tab1
Table 1: Parameter values.

The state system of the controlled malaria model is given by

The rate of change of the total human and mosquito populations is given by

3. Optimal Control Problem

We formulate an optimal control problem that describes the goal and restrictions of the epidemic. In [8] it is found that the ITN usage must attain 75% () of the host population in order to extinct malaria. Therefore, educational campaigns must continue encouraging the population to use ITNs. Moreover, it is very important to assure that ITNs are in good conditions and each individual knows how to use them properly. Having this in mind, we introduce a supervision control function, , where the coefficient represents the effort to reduce the number of susceptible humans that become infected by infectious mosquitoes bites, assuring that ITNs are correctly used by the fraction of the host population.

We consider the state system (3) of ordinary differential equations in with the set of admissible control functions given by The objective functional is given by where the weight coefficient, , is a measure of the relative cost of the interventions associated to the control and is the weight coefficient for the class . The aim is to minimize the infected humans while keeping the cost low. More precisely, we propose the optimal control problem of determining associated to an admissible control on the time interval , satisfying (3), the initial conditions , , , and (see Table 1) and minimizing the cost functional (6), that is, The existence of an optimal control comes from the convexity of the Lagrangian of (6) with respect to the control and the regularity of the system (3) (see, e.g., [13, 14] for existence results of optimal solutions). Applying the Pontryagin maximum principle [15], we derive the optimal solution of the proposed optimal control problem (see the Appendix).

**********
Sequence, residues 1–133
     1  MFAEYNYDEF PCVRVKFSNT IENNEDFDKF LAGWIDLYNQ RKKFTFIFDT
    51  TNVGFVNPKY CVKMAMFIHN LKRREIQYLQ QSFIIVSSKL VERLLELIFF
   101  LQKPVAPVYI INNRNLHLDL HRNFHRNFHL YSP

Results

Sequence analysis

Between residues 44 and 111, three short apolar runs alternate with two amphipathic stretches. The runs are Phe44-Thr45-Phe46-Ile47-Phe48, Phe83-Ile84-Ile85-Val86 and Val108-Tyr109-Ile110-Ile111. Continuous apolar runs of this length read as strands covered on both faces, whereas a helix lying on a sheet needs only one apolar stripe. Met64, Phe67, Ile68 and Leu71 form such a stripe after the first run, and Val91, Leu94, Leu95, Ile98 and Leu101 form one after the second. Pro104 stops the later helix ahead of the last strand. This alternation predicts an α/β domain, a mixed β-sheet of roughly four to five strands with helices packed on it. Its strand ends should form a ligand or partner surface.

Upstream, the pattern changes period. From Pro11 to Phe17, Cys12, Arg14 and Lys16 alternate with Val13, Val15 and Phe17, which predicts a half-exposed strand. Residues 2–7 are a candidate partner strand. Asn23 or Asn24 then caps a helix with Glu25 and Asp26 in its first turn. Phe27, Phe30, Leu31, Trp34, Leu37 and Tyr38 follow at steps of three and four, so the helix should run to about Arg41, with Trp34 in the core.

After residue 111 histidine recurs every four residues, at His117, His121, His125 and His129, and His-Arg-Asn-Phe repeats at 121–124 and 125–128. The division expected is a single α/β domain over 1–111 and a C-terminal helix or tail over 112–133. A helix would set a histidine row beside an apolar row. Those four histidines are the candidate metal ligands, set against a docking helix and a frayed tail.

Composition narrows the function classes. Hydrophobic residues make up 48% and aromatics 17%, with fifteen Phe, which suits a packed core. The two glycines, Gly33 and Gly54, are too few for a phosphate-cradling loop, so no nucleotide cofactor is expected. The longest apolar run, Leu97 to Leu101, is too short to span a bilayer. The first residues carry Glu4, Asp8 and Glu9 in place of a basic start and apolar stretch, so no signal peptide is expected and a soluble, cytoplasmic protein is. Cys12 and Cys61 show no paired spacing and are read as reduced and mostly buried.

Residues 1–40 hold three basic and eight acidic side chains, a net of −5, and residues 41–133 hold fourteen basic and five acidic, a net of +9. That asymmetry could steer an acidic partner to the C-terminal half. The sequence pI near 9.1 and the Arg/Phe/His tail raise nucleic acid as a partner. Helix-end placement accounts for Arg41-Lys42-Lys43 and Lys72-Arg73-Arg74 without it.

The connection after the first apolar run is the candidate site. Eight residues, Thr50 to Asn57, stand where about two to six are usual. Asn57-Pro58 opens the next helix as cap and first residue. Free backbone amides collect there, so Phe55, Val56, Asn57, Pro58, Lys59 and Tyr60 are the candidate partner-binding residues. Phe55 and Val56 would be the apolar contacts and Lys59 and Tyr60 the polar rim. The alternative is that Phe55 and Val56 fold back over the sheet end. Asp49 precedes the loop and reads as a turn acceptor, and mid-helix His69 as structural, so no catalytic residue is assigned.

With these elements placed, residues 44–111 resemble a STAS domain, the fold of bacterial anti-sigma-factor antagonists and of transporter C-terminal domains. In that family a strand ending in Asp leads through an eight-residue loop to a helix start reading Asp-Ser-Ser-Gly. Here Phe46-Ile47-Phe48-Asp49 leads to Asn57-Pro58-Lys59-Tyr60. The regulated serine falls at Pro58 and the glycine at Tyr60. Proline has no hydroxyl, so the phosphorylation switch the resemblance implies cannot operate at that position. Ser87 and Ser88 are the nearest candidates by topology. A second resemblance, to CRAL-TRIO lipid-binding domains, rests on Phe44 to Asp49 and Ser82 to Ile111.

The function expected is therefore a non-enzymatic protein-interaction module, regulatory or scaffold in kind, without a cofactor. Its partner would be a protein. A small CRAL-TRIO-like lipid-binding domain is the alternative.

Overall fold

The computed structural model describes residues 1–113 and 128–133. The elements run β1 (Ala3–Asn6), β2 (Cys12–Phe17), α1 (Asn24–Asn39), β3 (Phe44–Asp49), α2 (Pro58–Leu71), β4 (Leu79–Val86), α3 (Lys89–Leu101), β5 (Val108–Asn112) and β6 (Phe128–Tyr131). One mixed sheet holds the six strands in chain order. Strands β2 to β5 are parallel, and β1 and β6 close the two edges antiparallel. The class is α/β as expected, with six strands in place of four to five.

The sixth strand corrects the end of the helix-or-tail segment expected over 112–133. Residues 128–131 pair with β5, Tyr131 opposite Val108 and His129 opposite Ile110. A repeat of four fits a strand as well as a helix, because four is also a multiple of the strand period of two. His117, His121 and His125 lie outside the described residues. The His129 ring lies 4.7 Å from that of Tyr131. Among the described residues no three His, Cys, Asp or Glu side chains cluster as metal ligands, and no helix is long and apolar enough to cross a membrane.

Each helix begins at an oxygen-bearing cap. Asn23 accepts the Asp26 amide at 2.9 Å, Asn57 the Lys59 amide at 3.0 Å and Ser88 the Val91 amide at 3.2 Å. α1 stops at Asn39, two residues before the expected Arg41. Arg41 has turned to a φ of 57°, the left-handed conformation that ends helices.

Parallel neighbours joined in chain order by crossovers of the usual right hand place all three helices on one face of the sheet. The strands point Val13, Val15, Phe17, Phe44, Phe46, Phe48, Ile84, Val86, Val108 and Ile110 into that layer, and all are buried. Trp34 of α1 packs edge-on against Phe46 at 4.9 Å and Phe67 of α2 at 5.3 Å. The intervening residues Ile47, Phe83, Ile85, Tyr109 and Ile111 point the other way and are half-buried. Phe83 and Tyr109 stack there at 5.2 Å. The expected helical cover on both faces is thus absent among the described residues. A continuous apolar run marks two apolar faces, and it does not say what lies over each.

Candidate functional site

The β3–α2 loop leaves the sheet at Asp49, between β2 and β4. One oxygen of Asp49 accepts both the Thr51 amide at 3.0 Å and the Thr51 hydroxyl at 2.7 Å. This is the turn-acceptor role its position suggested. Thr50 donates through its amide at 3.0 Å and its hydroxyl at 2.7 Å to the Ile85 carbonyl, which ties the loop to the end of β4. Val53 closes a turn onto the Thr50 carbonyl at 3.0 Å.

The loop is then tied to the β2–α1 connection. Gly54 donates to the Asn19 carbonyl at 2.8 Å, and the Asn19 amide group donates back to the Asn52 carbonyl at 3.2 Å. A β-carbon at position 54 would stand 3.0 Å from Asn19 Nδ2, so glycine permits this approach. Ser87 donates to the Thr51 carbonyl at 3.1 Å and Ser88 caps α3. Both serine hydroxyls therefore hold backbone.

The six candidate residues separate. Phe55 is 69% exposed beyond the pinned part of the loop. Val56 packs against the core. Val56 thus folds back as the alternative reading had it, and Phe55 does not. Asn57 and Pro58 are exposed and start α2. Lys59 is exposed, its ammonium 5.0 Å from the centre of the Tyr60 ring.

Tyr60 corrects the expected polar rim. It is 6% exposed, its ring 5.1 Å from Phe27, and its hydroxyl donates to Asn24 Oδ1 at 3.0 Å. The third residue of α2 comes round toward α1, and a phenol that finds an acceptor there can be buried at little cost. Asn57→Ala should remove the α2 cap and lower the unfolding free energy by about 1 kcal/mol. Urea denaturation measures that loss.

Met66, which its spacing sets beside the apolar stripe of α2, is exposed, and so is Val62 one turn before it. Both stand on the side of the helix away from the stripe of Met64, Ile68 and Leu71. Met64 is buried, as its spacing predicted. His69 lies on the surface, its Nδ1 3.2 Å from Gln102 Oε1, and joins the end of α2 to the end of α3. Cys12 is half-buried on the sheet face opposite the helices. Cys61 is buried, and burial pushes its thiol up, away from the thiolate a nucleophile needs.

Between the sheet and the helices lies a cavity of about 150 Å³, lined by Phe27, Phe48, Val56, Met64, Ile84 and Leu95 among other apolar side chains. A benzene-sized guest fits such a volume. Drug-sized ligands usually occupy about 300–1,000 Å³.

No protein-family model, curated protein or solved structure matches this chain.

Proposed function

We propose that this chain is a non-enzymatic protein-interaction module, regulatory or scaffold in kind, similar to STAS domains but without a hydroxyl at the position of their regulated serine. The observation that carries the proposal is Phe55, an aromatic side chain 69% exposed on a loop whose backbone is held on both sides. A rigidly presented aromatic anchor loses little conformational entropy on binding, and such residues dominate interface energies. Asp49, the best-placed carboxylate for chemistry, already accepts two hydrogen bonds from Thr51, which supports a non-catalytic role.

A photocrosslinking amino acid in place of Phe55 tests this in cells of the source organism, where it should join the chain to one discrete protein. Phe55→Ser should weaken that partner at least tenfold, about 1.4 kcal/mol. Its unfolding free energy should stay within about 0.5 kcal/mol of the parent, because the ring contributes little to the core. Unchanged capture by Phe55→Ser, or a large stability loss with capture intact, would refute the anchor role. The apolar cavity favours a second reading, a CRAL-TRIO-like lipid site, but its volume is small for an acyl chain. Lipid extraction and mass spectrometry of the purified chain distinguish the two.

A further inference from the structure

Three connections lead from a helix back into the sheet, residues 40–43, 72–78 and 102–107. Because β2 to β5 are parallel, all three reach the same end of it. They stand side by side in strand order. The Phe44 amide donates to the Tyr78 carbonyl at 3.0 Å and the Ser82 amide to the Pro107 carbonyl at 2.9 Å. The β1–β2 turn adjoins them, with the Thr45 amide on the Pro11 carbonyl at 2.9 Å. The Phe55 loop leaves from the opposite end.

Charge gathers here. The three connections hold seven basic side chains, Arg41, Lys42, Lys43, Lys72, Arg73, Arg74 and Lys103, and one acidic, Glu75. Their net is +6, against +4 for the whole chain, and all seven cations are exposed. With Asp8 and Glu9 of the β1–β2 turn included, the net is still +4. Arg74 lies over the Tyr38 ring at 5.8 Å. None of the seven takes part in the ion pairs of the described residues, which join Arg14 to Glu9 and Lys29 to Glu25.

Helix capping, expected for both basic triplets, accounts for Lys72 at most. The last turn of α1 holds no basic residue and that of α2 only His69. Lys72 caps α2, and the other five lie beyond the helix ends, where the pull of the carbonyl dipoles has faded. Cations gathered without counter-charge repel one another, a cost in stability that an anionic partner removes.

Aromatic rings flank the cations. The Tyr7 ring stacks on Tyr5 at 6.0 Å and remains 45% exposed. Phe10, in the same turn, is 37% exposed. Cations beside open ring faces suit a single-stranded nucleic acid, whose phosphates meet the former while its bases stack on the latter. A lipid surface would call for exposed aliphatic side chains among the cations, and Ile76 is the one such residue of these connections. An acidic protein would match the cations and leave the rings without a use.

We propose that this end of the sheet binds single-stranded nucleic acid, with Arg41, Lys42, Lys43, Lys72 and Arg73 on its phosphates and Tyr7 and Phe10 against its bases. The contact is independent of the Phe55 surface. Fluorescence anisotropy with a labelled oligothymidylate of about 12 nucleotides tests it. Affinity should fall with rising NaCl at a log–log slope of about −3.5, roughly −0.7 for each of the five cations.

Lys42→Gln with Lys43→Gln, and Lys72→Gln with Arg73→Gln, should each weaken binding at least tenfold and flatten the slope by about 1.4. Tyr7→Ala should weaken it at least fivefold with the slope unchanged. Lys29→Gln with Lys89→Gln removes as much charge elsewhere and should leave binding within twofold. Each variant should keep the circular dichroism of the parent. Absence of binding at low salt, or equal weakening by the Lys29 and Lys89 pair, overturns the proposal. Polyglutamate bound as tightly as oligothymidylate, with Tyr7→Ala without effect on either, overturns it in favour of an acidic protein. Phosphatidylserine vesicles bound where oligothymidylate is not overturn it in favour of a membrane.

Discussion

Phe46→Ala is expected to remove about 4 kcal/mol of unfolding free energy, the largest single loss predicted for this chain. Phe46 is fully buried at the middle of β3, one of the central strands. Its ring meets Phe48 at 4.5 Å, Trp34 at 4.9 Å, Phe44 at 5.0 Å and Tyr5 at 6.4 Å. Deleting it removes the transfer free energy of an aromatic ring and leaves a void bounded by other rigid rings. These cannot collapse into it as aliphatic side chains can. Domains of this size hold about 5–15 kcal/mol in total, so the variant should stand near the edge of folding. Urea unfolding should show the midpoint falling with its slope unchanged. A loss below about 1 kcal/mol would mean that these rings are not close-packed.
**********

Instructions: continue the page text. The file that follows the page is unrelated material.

More generally, one could take the following cost functional: where is the weight constant on infectious mosquitoes (for numerical simulations we considered ). It turns out that when we include in the objective functional the number of infectious mosquitoes, the distribution of the total host population , and vector population by the categories , , and , , respectively, is the same for both cost functionals and (see Figures 1 and 2). On the other hand, the effort on the control is higher for the cost functional (see Figure 3). Therefore, we choose to use the cost functional in our numerical simulations (Section 4).